A Priceless Editor



My mother, Age 8



I’m not sure why, but I’d hesitated to ask my mom to read the manuscript for Broken Dolls. One might think that strange, since she is the inspiration for my character, Sachiko Kimura. Sachi is how I imagine my mom to have been as an 8-year old Japanese American girl struggling with her identity through her family’s internment during World War II.

So why did I hesitate? These are some of the things I feared:

1) The story would bring back painful memories of that time in her life.
2) Though some of the story is based on fact, most of it is fictionalized. I was concerned she would take offense that the story was not as it had been in “real life.”
3) Mom is not a big reader, and I didn’t want to pressure her to read a full manuscript.

Through the four years it has taken me to write Broken Dolls, I have talked to Mom about it; asked questions about what happened during those years and filled her in on some of the chapters. But it was only last week that I loaded a .pdf file on her iPad so she could read it.

Honestly, I thought it would sit on her iPad, unread.

But a few days later, my sister called me and said, “Mom has not taken her nose out of your story. I finally had to tell her she needed to take a break or her neck would start bothering her.”

I was thrilled. Though many have told me they’ve enjoyed the story, to have my own mother — who lived through those years and who is not a “big reader” — read it and be unable to put it down means the world to me.

Yesterday, I went to visit. When I walked in to her bedroom, I found her with iPad in hand, so engrossed in the story she hardly noticed me. She’d been taking notes about how I could improve the intricacies of the Japanese culture in the story — something I could not have gotten from anyone else who has read the manuscript.

Priceless.

And my mom is smart as a whip. Dozens of people have read or heard the chapter in the story where Sachiko is stacking rocks on a fence post at Rohwer, one stone on top of another. It was something Papa taught her once — a way to calm herself when she was troubled. Only my mother caught that there was no way Sachiko could have reached the top of the fence post at Rohwer.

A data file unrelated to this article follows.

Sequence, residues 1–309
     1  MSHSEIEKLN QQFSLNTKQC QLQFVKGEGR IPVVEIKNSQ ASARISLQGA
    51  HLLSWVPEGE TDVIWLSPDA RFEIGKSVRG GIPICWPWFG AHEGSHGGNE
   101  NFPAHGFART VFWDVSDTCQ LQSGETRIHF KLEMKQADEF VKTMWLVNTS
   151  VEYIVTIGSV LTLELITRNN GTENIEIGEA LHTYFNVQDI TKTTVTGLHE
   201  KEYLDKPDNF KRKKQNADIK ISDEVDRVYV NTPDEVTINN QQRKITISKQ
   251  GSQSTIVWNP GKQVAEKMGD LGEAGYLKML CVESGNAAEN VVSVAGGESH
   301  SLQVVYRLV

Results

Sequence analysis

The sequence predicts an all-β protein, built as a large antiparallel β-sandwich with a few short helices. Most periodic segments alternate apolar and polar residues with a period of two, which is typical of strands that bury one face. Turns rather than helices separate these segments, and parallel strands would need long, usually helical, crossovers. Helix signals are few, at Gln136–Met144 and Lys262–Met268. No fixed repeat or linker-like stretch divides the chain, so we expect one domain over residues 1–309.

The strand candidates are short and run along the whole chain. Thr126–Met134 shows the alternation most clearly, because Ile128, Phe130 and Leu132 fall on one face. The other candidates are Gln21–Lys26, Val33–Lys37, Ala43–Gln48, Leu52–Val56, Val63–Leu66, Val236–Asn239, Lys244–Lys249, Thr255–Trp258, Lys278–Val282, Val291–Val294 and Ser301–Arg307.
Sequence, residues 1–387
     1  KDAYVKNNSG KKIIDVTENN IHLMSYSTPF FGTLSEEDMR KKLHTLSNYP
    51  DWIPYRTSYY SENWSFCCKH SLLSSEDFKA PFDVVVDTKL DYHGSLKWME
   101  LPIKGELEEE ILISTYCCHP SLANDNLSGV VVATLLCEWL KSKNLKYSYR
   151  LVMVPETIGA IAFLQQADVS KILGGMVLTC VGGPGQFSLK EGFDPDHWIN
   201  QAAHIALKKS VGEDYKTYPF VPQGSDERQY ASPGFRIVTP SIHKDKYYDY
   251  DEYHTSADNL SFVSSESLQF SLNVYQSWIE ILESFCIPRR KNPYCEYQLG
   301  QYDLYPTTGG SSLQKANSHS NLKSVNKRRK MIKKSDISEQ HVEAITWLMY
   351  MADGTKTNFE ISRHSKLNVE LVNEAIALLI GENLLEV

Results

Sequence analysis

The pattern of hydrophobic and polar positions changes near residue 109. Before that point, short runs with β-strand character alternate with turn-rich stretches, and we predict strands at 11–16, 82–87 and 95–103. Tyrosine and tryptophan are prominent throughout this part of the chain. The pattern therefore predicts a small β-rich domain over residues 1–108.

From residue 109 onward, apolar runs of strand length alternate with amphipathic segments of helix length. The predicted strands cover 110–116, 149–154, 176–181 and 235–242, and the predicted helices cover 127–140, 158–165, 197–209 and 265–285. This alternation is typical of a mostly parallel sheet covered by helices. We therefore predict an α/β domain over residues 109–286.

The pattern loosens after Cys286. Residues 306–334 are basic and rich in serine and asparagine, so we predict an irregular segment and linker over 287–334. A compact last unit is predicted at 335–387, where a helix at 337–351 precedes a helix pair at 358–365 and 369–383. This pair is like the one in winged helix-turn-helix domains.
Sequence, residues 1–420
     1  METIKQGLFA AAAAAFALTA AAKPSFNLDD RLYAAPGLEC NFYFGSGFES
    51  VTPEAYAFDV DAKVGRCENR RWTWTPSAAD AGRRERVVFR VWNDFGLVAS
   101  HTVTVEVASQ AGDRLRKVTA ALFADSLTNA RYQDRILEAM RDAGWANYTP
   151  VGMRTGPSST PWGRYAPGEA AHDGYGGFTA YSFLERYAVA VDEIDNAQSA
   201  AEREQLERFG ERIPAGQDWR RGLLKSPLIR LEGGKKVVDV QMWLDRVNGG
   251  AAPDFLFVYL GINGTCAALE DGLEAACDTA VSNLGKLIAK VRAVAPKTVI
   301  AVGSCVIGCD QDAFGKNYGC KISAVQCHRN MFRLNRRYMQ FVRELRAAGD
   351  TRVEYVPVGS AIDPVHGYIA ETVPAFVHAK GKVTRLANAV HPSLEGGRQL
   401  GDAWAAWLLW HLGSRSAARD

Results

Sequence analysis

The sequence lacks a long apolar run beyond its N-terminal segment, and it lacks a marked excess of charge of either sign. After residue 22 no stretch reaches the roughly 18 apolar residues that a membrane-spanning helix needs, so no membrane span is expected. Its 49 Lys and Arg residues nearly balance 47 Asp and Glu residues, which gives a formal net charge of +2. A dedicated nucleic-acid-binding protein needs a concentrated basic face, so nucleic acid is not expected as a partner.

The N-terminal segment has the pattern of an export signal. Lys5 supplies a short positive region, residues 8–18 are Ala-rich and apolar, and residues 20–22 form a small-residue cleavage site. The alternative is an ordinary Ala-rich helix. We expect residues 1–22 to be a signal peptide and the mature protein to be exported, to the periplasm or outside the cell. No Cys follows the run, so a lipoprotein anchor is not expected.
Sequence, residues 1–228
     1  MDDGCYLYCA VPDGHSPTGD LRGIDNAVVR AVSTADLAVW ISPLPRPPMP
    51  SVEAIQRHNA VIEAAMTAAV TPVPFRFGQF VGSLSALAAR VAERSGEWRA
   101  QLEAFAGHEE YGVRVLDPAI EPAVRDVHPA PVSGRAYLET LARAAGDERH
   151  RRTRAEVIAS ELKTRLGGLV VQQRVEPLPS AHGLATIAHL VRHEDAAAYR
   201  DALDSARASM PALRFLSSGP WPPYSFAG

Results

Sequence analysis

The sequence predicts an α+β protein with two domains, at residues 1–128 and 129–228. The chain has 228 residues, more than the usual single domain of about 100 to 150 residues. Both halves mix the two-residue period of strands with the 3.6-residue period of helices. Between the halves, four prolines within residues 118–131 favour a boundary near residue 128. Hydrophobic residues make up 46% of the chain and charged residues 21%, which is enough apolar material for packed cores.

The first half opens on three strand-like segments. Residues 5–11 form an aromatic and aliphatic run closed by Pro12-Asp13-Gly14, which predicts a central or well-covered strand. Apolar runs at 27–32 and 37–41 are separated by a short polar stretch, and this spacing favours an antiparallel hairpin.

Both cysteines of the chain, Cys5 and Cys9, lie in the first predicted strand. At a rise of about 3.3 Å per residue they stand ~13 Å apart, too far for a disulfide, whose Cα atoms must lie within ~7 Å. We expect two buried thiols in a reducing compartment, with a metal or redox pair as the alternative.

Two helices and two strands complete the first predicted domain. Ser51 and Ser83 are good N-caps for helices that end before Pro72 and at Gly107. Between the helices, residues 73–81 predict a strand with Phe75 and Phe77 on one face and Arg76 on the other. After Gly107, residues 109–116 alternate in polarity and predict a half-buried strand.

To know that she was that “into” the story? Well, it was priceless.

My mother with her mother

ADDENDUM – JULY 9, 2011

On many mornings, before I get out of bed, my mind fills with thoughts. This morning, I was thinking about this blog entry, and something occurred to me: It was presumptuous of me to assume my mom was so “into” my story that she could visualize the fence post being too high for Sachi. The truth is, she was THERE.

She knew how high those fence posts were.

Advertisements
This entry was posted in Broken Dolls, nostalgia, writing. Bookmark the permalink.

5 Responses to A Priceless Editor

  1. ed_quixote says:

    What a nice meta-story! (That is, story about a story.) We sometimes think that if we're from different generations, we have less in common. Certainly not the case here! Jan and her mom are in a close collaboration from which _Broken Dolls_ benefits big time. And sounds like mom got a little out of it too. 😉

  2. Jack LaBloom says:

    That is both wonderful and priceless.

  3. Jan Morrill says:

    Thank you, ed_quixote and Jack LaBloom. It was also a good lesson for me. 🙂

  4. This is really a wonderful idea. I'll put a link to it from my website because I think every author should be thinking book trailer and you've got some terrific examples on here. Thanks Jan.

  5. Pingback: Favorite Characters | Sisterhood of the Traveling Pen

Leave a Reply

Fill in your details below or click an icon to log in:

WordPress.com Logo

You are commenting using your WordPress.com account. Log Out / Change )

Twitter picture

You are commenting using your Twitter account. Log Out / Change )

Facebook photo

You are commenting using your Facebook account. Log Out / Change )

Google+ photo

You are commenting using your Google+ account. Log Out / Change )

Connecting to %s